India’s police was basically fashioned by a colonial power i.e., the British, in order to administer a multi-layered, caste-ridden, multi-lingual, multi-ethnic and multi-cultural society against the nineteenth century setting. It has remarkably adapted itself to the developments of the post-Independence era in dealing with problems ranging from regional power pressures to ethnic violence. As a unified single entity at State and national levels, it is a potent instrument which influences significantly the administrative, political and social aspects of public life. In India, police were always equipped and armed with sophisticated gadgetry and weaponary to face any challenges of great magnitude. The awesome power police is always feared and viewed with suspicion. Powerful political processes led to police prowess but in times of instability, freely flexed muscles of police broke the backbone of many mass movements and authoritatively silenced the rebellious voices. Often shielded, Sometimes criticized and occasionally appreciated, police generally upholds the dominant political interests and tactfully skirts the legal issues. Police touches private and public lives unlike other organization and its intrusion is a matter of official and personal discretion, nothing is considered beyond the approach of police power. In order to explain the tricks and tacts of the trade, an insightful objectivity is needed to grasp the comprehensiveness of police prevalence in handling an intricate web of operation and sophistication while confronting social, political and individual problems, and important incidents and happenings. It is a difficult task to understand and project police image because there are always so many versions, shades and challenges that alter the focus, confuse the tapestry and cloud the vision. Inspite of profuse literature on the subject, ‘police’ defies definitions and also its precise identity and scope. The author has provided a penetrating study of police performance and the contextual relevance of its direction of development. The extent and scope of complexity and intensity of this organisation have been ably delineated with a view to shed light on the organizational nexus and social identities of mass pluralities vis-à-vis the police.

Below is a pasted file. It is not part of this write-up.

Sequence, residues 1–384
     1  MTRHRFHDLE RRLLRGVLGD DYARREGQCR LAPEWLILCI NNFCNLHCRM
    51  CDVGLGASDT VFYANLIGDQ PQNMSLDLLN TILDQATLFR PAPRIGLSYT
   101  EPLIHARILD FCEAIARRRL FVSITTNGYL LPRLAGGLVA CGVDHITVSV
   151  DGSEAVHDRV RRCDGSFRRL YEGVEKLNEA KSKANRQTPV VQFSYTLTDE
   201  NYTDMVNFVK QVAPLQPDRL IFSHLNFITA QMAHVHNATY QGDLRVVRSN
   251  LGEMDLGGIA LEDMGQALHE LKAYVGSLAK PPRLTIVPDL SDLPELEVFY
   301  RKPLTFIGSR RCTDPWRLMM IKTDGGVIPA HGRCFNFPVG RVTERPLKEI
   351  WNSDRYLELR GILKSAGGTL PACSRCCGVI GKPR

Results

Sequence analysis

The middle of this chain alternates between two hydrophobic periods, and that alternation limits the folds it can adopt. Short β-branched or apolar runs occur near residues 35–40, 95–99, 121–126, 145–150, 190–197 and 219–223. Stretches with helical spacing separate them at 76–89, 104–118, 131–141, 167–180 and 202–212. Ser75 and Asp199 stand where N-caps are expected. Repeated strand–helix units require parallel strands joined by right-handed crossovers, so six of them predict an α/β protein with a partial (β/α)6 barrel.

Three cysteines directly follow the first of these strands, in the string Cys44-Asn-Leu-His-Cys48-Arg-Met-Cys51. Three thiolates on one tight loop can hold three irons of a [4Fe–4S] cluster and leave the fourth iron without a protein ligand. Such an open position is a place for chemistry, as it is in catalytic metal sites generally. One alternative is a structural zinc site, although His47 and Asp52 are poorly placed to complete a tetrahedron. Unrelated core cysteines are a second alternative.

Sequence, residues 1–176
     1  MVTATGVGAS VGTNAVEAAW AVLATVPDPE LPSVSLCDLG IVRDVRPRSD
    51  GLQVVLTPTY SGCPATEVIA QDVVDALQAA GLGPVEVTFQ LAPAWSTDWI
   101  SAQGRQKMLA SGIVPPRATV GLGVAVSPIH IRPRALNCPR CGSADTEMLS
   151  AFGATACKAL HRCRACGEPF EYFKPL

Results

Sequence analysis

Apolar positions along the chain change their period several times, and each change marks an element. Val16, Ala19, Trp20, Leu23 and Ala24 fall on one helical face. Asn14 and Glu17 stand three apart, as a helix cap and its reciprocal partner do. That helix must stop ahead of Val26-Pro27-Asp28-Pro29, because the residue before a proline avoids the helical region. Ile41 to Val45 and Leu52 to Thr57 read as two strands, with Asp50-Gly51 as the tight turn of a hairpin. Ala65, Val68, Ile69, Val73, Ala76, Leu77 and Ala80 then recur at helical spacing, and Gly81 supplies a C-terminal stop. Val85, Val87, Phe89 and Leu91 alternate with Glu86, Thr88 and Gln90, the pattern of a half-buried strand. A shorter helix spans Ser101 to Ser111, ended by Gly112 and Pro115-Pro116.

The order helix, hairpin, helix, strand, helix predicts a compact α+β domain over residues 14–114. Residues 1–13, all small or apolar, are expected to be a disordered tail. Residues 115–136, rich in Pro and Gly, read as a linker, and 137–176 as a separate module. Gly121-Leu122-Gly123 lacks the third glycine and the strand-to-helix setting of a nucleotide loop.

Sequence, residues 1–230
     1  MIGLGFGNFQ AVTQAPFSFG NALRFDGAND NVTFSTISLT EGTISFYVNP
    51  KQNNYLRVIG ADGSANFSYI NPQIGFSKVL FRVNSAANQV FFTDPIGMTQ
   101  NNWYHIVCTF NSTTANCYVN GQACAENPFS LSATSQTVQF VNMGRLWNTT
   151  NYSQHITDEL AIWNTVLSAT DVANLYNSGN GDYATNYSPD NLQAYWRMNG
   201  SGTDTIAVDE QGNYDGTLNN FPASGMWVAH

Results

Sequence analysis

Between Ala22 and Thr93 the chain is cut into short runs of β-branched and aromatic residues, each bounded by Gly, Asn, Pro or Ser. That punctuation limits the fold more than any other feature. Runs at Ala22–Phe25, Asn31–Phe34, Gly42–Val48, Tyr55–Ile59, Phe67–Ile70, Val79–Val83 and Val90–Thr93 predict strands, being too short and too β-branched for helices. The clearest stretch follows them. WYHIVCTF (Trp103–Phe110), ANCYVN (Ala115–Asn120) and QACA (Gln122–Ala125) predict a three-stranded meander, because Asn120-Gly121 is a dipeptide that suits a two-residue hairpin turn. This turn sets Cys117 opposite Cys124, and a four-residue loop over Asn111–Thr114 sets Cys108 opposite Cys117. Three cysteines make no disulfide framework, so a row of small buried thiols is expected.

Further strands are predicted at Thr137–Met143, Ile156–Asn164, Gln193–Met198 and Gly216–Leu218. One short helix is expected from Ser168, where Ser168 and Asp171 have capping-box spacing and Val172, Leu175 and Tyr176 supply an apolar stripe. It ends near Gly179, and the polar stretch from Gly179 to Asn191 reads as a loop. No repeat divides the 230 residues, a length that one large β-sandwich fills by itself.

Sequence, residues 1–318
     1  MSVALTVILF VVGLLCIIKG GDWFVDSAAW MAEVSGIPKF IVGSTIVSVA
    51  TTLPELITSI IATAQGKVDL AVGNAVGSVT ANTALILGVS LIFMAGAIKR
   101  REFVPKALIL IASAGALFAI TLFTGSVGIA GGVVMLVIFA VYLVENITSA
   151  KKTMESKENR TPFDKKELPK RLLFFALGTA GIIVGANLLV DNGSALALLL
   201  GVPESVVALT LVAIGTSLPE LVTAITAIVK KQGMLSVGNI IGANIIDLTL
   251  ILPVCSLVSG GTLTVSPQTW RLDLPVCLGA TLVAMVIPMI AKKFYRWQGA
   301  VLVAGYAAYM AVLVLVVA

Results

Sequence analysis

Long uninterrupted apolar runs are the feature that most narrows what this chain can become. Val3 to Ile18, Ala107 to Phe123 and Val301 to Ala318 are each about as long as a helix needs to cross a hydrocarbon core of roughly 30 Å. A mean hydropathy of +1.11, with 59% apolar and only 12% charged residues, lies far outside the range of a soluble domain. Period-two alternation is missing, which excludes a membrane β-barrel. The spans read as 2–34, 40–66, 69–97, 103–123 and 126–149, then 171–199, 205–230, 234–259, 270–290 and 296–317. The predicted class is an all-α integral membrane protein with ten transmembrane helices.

Prof. Mahendra Pal Singh (b. 1935) did his M.A. (Pol. Science) from Aligarh Muslim University, LL.B. from Delhi University and M.S. and Ph.D. from the School of Criminal Justice Michigan State University. He is currently serving as Assistant Professor at Grambling State University, Louisiane (USA). Police administration criminal investigation, crime control, juvenile delinquency, industrial security, comparative criminal justice systems and victimology are his areas of specialization. At Michigan he was involved in various research projects related to community based policing, foot patrol, crime focussed policing and detention of status offenders. He has presented learned papers at academic and professional conferences both at national and international levels. He is a member of a number of organizations, including Academy of Criminal Justice Sciences, American Society of Criminology, America Society for Industrial Security, Association for Asian Studies and Southern Association of Criminal Justice Educators. Dr. Singh has been a senior police officer for more than eighteen years in the Metropolitan police in India. He is the author of Crime and Delinquency and has published several articles on international terrorism.
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